A ROUGH DRAFT / CERT: TBC / DIRECTOR: SERGEY MOKRITSKIY / SCREENPLAY: MAKSIM BUDARIN, DENIS KURYSHEV, SERGEY MOKRITSKIY, OLGA SOBENINA / STARRING: NIKITA VOLKOV, SEVERIJA JANUSAUSKAITE, OLGA BOROVSKAYA, YEVGENY TKACHUK / RELEASE DATE: TBC
A Rough Draft begins as a Kafkaesque mystery where the life of video games designer Kirill becomes gradually erased. A mysterious woman has taken over his flat, while his colleagues, neighbours, friends and even parents and dog have no idea who he is, leaving him with no life other than that offered by the interloper. He has been chosen, for reasons never established, to become the custodian of an abandoned tower that acts as a portal between parallel worlds, damned to an administrative purgatory for the remainder of his now-immortal existence.
The film is based on the novel of the same name by Russian author Sergei Lukyanenko, the creator of Night Watch and its sequels. However, while that saga of a supernatural Cold War playing out on the streets of modern day Moscow fully embraced its utterly bonkers premise from minute one, this attempts to be something far more subdued, to the utter detriment of anything vaguely coherent.
Too much time is spent merely expressing ideas without much in the way of properly developing the characters or building a story, so much so that it’s well over an hour into the film before anything resembling an actual plot is threatened with emergence, and even then it’s something only mentioned so it will actually have some significance when revisited for the climax. Of the characters who do feature, their motives are largely impenetrable due to the story’s disjointed structure that flits about in chronology without making any effort to link its segments into a flowing narrative. They act differently towards one another at various points with nothing in the interim to suggest what might have happened to cause the change, giving the impression that the important events that lend the story lucidity have taken place off screen during the multiple time skips.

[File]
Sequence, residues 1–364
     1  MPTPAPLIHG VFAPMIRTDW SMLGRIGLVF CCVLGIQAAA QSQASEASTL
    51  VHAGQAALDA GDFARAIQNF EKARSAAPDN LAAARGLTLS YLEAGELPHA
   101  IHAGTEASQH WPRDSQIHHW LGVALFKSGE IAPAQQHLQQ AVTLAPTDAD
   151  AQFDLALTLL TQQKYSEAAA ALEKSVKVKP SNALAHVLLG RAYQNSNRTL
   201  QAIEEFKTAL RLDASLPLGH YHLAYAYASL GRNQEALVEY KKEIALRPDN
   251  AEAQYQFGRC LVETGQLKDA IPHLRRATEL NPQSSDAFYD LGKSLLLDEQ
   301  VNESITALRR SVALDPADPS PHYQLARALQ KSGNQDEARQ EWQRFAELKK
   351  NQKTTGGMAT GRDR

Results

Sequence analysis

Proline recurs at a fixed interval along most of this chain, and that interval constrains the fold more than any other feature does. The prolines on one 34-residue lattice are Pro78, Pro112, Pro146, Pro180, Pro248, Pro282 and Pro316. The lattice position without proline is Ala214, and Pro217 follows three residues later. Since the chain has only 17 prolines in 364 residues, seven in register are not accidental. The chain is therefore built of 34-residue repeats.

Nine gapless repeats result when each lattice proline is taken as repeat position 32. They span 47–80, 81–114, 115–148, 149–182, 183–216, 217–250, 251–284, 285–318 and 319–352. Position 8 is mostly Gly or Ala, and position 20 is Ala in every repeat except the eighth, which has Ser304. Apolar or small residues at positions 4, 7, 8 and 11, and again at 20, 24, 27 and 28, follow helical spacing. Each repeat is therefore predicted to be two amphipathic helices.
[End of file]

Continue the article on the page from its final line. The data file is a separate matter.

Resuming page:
Various worlds are representative of aspects of Russian past and national identity, such as a Romanoff-era steampunk world of airships and wintery beauty and a dystopian gulag where dissidents are put to arbitrary labour for nebulous purpose. A whole mythology of transdimensional travel is suggested, but it largely goes unexplored and is only brought up for the odd expository infodump or disjointed set piece.
It isn’t even until late on that the title is even alluded to, making little sense in relation to what has so far been seen. The film doesn’t even have the decency to be a complete story, but ends things with a significant plot thread unresolved, suggesting it will be the focus of adventures to follow. Instead of anticipation for a sequel, the only feeling the incomprehensible mess leaves you with is one that perhaps might have been most appropriate at an unintended meta level.